|Things we are thankful for....|
Well, after the whirlwind that was October, with its random trips to foreign countries and the glories of SCARE-A-THON 2016 (as well as the premiere of the Doc’s foray into reality television, the Shout! Factory-produced HORROR HUNTERS, available for viewing HERE), November presented itself as a semi-return to normalcy. Or at least what serves as the “new normal” these days – only managed to get in a total of 23 viewings for the month as opposed to the headier days of the past where double that was not uncommon. But, hey, we’ll take it and be happy that it wasn’t less, right?
We’re heading into the final lap of 2016, so we’ll keep these short and sweet in the interest of sneaking a few more flicks onto the plate before the clock tolls midnight. Happy to expand my thoughts further should any be so inclined for the conversation! In other words…
Please feel free to leave your two cents worth – we’ll make sure you get some change back.
Alligator (1980) d. Teague, Lewis (USA) (4th viewing)
Our own Music Box Theatre was screening this as a midnight movie, but instead of waiting around until the wee hours of the night, Mssr. Kitley, Lady AC, and I decided to chill out with some chips and nachos at home to watch Robert Forster face off against the titular reptile, grown to enormous size in the Chicago sewers with the aid of experimental hormones. The scene where Mr. Chompy is revealed in a local swimming pool is etched into my childhood memory; equally so the one where the lizard king wreaks havoc on nefarious tycoon Dean Jagger’s daughter’s nuptials, slinging blood and flinging guests with equal gusto, with the limo-pulverizing finale the icing on a crushed wedding cake.
Lady in White (1988) d. Laloggia, Frank (USA) (2nd viewing)
Recently released to Blu-ray by Shout! Factory, this oft-overlooked offering put me in mind of Bob Clark’s classic A Christmas Story with its sentimental and nostalgic backward glance at a simpler time (the 1950s) that still harbored the darker shadows of the human condition. Lukas Haas is terrific (as a young boy who makes contact with the spirit of a murdered girl and is compelled to uncover the details of the crime to let her soul rest in peace), and given marvelous support by Len Cariou, Alex Rocco, and Katherine Helmond. Here’s hoping that this new presentation helps secure new fans for what should have been a beloved '80s classic instead of a hidden horror.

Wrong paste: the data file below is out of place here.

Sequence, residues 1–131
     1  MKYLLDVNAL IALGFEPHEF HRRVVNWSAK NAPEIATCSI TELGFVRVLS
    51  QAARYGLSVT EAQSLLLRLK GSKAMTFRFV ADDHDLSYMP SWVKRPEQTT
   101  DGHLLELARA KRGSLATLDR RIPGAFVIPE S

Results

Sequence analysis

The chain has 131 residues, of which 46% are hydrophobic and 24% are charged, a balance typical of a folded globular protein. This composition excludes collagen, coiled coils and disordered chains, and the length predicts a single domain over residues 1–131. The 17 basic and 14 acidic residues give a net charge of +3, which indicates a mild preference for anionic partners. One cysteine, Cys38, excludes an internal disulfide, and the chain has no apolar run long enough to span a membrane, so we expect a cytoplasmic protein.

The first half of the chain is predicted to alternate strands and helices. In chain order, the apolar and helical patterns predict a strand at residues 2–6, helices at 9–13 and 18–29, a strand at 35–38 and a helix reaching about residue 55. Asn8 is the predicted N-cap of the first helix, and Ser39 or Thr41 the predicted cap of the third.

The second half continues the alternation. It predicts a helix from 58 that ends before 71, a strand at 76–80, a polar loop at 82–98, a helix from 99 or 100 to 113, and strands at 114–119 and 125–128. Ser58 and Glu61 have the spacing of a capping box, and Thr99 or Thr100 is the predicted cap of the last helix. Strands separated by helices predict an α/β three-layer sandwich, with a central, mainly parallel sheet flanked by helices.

The Love Witch (2016) d. Biller, Anna (USA) (1st viewing)
A minor miracle of indie filmmaking, as instead of trying to mask her minuscule budget via the standard shaky-cam found-footage route, creative force Biller takes the DIY aesthetic to its zenith, designing her own sets/costumes and composing the music in addition to the expected writing, directing, editing, producing, et. al. chores. The results are magnificently heightened, with eye-popping colors that match the high-wire turns of her exquisitely cast ensemble of players. Samantha Robinson is utterly breathtaking as our sorceress d’amour; it’s a perfectly modulated performance, more magic act than the impersonation of manners it first appears to be.
Manos: The Hands of Fate (1966) d. Warren, Harold P. (USA) (2nd and 3rd viewings)
A longtime MST3K staple, Warren’s classic misfire celebrated its 50th anniversary with a digitally restored presentation at the Music Box complete with a special appearance by Jackey Neyman Jones, who starred as little Debbie onscreen (and who had just published her memories about the film, Growing Up with Manos). And yes, I watched it twice in one week, the first at home with Joel and the ’bots in case there were time-honored shout-outs that I was obliged to chant along with the assembled masses. As it turned out, the MB crowd was pleasantly respectful, refraining from providing their own rifftrax treatment and simply letting the film’s inherent weirdness work its own brand of magic.